Beyond DNA code: epigenetics

Why is it that if you keep an active mental life by playing complicated board games or learning a language, or if you keep physically fit, you are less likely to succumb to dementia?

A/Prof John Kwok is addressing this question by looking at how lifestyle can alter the function of genes related to dementia.

A/Prof John Kwok

A/Prof John Kwok

To do this, he is engaging with the burgeoning field of epigenetics. Genes have to be expressed (i.e. switched on or off) in a tightly regulated manner for our bodies to function correctly. For example, genes get switched on and off when we are born, or when we hit puberty, in response to hormones or tissue growth. While there are parts of our DNA that control how genes are switched on, there are also epigenetic factors, outside our DNA, that can do this. These factors act like a dimmer switch that changes the brightness of a light.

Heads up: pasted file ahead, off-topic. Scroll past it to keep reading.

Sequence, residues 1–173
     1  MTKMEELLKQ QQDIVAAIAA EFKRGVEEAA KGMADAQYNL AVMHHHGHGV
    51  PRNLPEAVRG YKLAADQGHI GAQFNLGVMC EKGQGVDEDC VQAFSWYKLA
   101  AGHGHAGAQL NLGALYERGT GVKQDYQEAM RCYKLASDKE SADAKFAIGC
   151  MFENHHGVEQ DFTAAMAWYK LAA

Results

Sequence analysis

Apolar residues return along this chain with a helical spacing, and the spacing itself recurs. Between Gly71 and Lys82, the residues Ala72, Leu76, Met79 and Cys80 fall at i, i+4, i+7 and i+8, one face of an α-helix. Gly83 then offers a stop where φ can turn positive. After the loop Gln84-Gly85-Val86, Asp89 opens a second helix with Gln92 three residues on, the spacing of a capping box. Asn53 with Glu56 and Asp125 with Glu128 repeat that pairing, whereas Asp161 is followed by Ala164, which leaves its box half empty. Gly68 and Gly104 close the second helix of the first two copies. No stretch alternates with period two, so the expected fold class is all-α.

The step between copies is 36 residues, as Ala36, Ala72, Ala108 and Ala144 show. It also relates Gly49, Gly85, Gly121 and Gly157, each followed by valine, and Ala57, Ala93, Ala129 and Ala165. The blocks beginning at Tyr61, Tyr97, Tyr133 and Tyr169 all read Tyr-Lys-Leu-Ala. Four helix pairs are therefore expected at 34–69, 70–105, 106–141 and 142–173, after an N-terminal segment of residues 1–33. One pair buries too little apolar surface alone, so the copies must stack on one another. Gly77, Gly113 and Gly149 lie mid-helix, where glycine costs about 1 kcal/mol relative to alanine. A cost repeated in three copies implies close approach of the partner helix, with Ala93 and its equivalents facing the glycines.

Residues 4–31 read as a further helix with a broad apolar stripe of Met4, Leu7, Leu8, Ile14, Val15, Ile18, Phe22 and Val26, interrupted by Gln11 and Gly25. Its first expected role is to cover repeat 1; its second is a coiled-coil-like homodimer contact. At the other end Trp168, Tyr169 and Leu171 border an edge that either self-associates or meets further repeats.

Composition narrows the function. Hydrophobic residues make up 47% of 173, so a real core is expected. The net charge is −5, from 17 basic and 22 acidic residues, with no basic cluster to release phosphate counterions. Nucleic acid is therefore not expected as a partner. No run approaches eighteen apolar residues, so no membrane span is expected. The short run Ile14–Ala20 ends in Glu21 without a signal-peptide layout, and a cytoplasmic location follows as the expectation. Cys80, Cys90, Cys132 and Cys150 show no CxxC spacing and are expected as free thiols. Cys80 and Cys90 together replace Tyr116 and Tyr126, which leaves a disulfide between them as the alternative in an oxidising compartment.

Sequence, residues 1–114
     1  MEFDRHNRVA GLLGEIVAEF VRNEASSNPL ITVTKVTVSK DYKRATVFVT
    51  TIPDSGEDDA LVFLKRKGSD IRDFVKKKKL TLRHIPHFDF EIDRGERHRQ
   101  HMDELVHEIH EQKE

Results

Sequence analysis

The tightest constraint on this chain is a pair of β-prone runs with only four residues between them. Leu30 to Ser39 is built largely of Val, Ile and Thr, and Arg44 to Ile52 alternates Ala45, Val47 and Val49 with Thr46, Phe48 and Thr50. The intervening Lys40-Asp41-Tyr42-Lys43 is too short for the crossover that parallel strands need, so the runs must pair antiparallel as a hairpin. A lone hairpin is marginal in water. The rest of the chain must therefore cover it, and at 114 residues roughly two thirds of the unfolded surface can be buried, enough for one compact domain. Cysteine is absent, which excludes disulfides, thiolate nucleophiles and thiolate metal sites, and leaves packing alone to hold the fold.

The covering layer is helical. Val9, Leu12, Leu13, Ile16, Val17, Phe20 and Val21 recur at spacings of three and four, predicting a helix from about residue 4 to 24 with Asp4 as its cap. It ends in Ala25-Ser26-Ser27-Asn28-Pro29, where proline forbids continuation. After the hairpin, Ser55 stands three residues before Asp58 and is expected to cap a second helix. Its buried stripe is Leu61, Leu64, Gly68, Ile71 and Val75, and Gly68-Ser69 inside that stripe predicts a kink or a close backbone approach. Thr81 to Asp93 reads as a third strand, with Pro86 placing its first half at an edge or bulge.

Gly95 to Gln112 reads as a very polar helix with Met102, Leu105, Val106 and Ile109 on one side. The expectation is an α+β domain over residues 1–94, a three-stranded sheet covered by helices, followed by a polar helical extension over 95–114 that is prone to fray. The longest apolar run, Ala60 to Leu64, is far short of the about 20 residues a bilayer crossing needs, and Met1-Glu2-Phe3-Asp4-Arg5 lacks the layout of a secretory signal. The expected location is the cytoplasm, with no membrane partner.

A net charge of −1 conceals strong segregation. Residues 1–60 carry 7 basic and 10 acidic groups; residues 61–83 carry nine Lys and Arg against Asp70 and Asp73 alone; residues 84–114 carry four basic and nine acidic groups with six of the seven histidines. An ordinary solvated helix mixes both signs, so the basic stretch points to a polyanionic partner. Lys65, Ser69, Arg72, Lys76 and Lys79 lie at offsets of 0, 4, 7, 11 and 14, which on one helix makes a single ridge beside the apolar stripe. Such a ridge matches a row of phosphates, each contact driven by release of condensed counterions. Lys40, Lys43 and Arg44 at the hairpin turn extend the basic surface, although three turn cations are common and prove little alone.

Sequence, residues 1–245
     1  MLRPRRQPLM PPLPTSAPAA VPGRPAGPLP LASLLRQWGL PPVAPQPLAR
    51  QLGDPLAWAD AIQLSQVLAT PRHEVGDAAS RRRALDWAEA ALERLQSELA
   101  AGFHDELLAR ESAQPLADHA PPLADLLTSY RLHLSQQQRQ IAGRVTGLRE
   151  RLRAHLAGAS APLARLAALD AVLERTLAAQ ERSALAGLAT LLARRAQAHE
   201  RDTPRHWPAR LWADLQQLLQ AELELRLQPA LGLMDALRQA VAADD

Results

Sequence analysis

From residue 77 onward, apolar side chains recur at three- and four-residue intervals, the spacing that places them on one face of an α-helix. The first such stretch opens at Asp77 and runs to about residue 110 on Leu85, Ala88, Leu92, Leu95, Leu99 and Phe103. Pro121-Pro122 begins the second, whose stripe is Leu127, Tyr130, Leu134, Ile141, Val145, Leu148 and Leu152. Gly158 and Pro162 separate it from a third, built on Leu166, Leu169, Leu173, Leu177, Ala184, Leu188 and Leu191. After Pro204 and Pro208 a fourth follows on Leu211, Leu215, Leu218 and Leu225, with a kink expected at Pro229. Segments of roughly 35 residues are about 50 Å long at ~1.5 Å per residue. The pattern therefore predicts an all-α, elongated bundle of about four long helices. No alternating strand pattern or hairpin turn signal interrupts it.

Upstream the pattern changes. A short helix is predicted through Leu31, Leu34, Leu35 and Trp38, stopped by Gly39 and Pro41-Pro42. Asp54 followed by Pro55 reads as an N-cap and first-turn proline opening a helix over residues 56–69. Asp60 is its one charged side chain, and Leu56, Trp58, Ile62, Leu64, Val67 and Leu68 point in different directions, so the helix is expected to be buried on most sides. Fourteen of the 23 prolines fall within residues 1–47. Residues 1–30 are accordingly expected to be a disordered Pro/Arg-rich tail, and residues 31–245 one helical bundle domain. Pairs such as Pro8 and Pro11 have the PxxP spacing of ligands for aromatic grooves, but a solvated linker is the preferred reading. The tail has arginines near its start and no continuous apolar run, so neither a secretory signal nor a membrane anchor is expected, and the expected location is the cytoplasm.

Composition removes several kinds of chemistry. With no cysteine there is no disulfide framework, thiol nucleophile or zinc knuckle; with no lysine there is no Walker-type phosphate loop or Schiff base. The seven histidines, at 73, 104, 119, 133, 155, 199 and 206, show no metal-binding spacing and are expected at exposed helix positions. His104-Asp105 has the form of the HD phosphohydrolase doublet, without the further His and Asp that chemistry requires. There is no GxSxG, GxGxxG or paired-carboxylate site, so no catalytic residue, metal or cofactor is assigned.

Diet, exercise, and mental activity can ‘dim the brightness’ of genes that might lead to illness, or enhance genes that promote brain health. Not only do these lifestyle factors change gene expression, but their effect might be inherited by the next generation, even if the relevant gene’s DNA sequence itself is not inherited. Understanding the mechanisms of how this happens is a focus of many areas of NeuRA’s work. The study of epigenetics is important in exploring new possibilities for health care.

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